Chicken Poop for the Hoe

This is a story, written by Damien about himself. Damien has kindly given us permission to publish this here.


ON ‘COMING OUT’

In so many ways, I have been very lucky and to a degree the Heavens (for want of a better phrase), have always smiled kindly on me. But don’t get me wrong, there is a full chapter on struggles. However, the lighter and stronger side of my story is, in my opinion, well worth sharing.

A little about me to help paint a clear picture of my ‘coming out’.

I was brought up in two homes; one with my mom, dad and two siblings. The other with my nan, grand-dad and me. I’m Maori with heaps and heaps of cousins, uncles, aunties, nephews, nieces and other stragglers that keep appearing at family occasions.

I went to a private religious boarding school, my immediate family are devout active Mormons and I am in my mid-twenties. Growing up in a semi-rural community with my nan living across the paddock, several aunties down the road, cousins always visiting, there was always opportunities to hang out and bond with male folk.

From an early age, I found I gravitated towards the males whether it be as simple as being picked up as a five-year old being used as a football by older cousins, or simply by them talking to me about the latest movies they’ve seen or their long summer day at the beach with their high school mates.

Thinking back, my teenage cousins were very good to my brother and me, taking us for horse rides, catching greased pigs (and to this day I have no idea why we did that), pushing us on the swing, or throwing us in the car for many, many adventures into town for my favourite Peanut Slabs.

Growing up with so many men, me being the youngest at the time, the smallest, and probably the most spoilt, meant that there was always someone older than me to put me in my place or pick on me. This came in quite useful when I got older as, in the wider-community in which I lived such as school and so forth, when my sexuality was the subject of ridicule I found the ‘tough love’ my cousins and brother would subject me to as a kid was good training ground to deal with bullies who wanted to ‘take me on’.

My announcement came when I was 15.

There were two people that I considered would be the hardest in the whole entire world to tell. The first was my nan.

When growing up, my nan was always around. My earliest memory of my nan, was the times she took me aside to teach me how to clean, cook, bake cakes, do the washing, pay-bills and so on. As young as four she would entrust me with these tasks. I lived with her more often than living with mom, even though there was just a paddock separating our homes. Nan would ensure the fire (coal range), was lit before I woke up, to ensure the house was warm, my clothes pressed and ready, breakfast cooked, and school bag packed. With all the grandchildren she had she would make everyone of us feel like we were the only one’s in her world.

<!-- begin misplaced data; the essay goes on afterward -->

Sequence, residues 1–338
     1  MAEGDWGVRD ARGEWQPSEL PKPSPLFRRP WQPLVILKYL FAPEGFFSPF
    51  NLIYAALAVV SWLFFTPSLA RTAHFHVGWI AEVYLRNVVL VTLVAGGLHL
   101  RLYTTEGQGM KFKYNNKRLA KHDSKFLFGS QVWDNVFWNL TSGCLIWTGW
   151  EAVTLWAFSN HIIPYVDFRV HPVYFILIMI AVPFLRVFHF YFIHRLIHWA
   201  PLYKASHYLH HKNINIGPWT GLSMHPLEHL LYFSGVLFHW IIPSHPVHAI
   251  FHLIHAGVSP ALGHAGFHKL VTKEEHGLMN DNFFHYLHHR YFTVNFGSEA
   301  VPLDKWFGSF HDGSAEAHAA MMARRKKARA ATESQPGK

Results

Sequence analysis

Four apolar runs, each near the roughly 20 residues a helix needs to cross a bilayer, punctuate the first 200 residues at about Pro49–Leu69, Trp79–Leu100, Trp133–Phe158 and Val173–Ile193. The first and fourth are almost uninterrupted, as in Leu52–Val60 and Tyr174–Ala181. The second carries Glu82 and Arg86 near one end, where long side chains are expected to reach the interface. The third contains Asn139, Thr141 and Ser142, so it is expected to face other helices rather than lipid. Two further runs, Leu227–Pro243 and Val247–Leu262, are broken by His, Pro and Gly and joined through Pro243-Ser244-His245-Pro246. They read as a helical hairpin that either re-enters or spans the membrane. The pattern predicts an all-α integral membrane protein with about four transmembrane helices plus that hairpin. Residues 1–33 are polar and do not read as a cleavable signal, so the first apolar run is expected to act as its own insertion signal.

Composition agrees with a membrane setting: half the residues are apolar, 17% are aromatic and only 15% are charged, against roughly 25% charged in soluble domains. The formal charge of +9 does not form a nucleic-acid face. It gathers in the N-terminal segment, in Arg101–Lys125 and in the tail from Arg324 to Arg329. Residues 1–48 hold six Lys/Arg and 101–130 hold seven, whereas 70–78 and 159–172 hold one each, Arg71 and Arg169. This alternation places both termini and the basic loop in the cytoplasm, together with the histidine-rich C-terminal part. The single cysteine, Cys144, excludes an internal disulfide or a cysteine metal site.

She helped me through a lot of problems, one being my father/son relationship which even to this day is non-existent. He is Maori from up north where Maori is his first language and brought up very strict and hard. I guess he couldn’t find other ways in bringing me up, so he did the best he knew. I later found out from my mom, that due to his up-bringing, having a son who was different, he constantly thought himself a failure. Men worked outside, not in. Men played rugby, not the piano. Men were tough, not skinny and looking under-nourished (but I’m sure he’s to blame for that). The biggest struggle he still finds difficult is his failure in rearing a fag for a son (strictly my reference, not his).

My nan, as if receiving magical messages from my mind, would turn up on the doorstep, right when my dad and I were about to clash, walk in, pack my bag, and take me away for days at a time. To this day, I still haven’t figured out how she knew when I would be at the lowest point at home (I think my mom played a role there). This happened from as early as five years old right through to 16.

Having the deepest respect for my nan, I considered her to be one of two tough people to tell, and yet I had convinced myself that if I could tell her, I could tell the second and many more. On a warm Hawkes Bay night, with the rural night-life noises buzzing around the bedroom window, I took her a glass of cold water to her bedside and sat on the edge of her bed. I told her I wanted to tell her something really important. She sensed the heaviness I was carrying so she got out of bed, and sat by my side. I said something like… “Nan, you know how you always ask if I have a girlfriend?” She nodded, and before I continued, she placed her hand on my lap, and said “I already know mokopuna (grandson). I have always known.”